Get started with data science in Microsoft Fabric

In this lab, you’ll ingest data, explore the data in a notebook, process the data with the Data Wrangler, and train two types of models. By performing all these steps, you’ll be able to explore the data science features in Microsoft Fabric.

By completing this lab, you’ll gain hands-on experience in machine learning and model tracking, and learn how to work with notebooks, Data Wrangler, experiments, and models in Microsoft Fabric.

This lab will take approximately 20 minutes to complete.

Note: You need a Microsoft Fabric trial to complete this exercise.

Create a workspace

Before working with data in Fabric, create a workspace with the Fabric trial enabled.

  1. Navigate to the Microsoft Fabric home page at https://app.fabric.microsoft.com in a browser.
  2. Select Synapse Data Science.
  3. In the menu bar on the left, select Workspaces (the icon looks similar to 🗇).
  4. Create a new workspace with a name of your choice, selecting a licensing mode that includes Fabric capacity (Trial, Premium, or Fabric).
  5. When your new workspace opens, it should be empty.

    Screenshot of an empty workspace in Fabric.

Create a notebook

To run code, you can create a notebook. Notebooks provide an interactive environment in which you can write and run code (in multiple languages).

  1. In the Synapse Data Science home page, create a new Notebook.

    After a few seconds, a new notebook containing a single cell will open. Notebooks are made up of one or more cells that can contain code or markdown (formatted text).

  2. Select the first cell (which is currently a code cell), and then in the dynamic tool bar at its top-right, use the M↓ button to convert the cell to a markdown cell.

    When the cell changes to a markdown cell, the text it contains is rendered.

  3. Use the 🖉 (Edit) button to switch the cell to editing mode, then delete the content and enter the following text:

    # Data science in Microsoft Fabric
    

Get the data

Now you’re ready to run code to get data and train a model. You’ll work with the diabetes dataset from the Azure Open Datasets. After loading the data, you’ll convert the data to a Pandas dataframe: a common structure for working with data in rows and columns.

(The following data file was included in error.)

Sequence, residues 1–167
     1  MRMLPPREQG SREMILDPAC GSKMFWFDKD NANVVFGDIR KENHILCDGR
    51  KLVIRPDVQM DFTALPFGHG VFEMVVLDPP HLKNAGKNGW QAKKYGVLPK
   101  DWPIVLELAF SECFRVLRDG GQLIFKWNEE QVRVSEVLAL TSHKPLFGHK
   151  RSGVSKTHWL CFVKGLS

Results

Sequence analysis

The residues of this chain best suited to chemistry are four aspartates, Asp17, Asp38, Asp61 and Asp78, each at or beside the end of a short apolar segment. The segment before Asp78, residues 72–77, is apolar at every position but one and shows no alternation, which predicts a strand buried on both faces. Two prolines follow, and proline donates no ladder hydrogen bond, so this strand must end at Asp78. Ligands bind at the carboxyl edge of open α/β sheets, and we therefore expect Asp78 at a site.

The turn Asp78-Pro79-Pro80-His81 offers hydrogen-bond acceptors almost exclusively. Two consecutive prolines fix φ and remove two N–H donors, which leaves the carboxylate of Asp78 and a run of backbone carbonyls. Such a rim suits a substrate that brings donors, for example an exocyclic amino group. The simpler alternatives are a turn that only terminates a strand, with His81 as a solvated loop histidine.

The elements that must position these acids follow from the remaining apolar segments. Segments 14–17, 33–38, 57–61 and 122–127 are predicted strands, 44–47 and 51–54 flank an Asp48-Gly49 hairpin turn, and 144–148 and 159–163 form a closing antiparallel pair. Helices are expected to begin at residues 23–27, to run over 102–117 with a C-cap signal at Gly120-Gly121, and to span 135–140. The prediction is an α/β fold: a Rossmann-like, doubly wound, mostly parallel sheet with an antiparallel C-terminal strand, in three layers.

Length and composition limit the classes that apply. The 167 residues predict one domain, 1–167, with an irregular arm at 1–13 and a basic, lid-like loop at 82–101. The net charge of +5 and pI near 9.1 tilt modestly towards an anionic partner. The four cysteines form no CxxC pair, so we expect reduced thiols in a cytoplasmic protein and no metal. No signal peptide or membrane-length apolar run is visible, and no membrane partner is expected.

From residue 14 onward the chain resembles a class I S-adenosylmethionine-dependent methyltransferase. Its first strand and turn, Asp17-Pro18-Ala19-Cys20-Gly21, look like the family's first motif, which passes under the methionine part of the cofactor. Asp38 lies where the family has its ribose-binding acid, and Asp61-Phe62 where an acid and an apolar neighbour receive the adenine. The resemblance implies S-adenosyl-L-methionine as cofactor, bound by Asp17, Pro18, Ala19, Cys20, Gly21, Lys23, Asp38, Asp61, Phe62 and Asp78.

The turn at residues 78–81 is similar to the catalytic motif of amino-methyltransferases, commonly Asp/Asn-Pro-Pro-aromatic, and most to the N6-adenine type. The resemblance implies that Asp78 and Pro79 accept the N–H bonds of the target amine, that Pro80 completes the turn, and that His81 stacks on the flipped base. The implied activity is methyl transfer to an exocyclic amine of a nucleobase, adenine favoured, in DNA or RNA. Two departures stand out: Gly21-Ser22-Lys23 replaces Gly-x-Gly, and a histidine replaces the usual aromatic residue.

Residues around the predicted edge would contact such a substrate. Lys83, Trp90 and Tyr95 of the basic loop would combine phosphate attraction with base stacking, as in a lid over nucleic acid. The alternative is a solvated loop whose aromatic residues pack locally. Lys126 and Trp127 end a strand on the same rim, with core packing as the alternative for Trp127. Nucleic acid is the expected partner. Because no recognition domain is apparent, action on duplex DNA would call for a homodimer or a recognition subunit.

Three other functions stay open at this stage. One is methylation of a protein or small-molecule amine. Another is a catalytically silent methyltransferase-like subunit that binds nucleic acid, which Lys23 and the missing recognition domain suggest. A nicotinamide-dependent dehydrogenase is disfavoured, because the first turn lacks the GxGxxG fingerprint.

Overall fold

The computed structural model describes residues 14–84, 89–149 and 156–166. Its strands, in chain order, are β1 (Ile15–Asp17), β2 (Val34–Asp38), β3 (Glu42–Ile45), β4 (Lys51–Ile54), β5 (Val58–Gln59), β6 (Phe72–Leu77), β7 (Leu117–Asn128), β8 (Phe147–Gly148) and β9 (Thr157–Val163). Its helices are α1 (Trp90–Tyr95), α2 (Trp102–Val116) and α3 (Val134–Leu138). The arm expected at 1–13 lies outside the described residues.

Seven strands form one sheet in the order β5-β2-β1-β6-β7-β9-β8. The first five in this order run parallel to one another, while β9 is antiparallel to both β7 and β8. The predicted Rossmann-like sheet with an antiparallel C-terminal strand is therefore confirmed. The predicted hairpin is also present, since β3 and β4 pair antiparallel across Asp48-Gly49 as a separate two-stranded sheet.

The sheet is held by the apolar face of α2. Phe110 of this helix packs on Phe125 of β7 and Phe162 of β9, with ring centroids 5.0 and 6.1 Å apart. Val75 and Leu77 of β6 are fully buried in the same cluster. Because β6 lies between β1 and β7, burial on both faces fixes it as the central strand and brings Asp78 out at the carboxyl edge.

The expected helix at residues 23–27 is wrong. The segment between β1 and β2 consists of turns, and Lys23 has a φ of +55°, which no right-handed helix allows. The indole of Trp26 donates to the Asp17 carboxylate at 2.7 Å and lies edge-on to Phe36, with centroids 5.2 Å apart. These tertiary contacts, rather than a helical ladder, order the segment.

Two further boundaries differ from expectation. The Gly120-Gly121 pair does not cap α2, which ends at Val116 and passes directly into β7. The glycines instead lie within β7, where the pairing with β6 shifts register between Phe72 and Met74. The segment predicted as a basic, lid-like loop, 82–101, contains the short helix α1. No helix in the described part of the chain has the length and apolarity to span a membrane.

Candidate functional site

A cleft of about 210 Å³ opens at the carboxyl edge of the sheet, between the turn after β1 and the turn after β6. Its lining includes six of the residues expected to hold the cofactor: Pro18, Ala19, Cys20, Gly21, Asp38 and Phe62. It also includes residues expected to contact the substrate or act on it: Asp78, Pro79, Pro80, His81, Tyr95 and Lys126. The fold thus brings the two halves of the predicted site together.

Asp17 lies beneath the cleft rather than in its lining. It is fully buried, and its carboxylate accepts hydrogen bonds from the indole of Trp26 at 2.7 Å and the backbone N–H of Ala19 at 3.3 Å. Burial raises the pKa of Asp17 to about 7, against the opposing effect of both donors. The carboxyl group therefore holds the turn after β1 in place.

1. In your notebook, use the + Code icon below the latest cell output to add a new code cell to the notebook.

    Tip: To see the + Code icon, move the mouse to just below and to the left of the output from the current cell. Alternatively, in the menu bar, on the Edit tab, select + Add code cell.

  2. Enter the following code in the new code cell:

    # Azure storage access info for open dataset diabetes
    blob_account_name = "azureopendatastorage"
    blob_container_name = "mlsamples"
    blob_relative_path = "diabetes"
    blob_sas_token = r"" # Blank since container is Anonymous access
        
    # Set Spark config to access  blob storage
    wasbs_path = f"wasbs://%s@%s.blob.core.windows.net/%s" % (blob_container_name, blob_account_name, blob_relative_path)
    spark.conf.set("fs.azure.sas.%s.%s.blob.core.windows.net" % (blob_container_name, blob_account_name), blob_sas_token)
    print("Remote blob path: " + wasbs_path)
        
    # Spark read parquet, note that it won't load any data yet by now
    df = spark.read.parquet(wasbs_path)
    
  3. Use the ▷ Run cell button on the left of the cell to run it. Alternatively, you can press SHIFT + ENTER on your keyboard to run a cell.

    Note: Since this is the first time you’ve run any Spark code in this session, the Spark pool must be started. This means that the first run in the session can take a minute or so to complete. Subsequent runs will be quicker.

  4. Use the + Code icon below the cell output to add a new code cell to the notebook, and enter the following code in it:

    display(df)
    
  5. When the cell command has completed, review the output below the cell, which should look similar to this: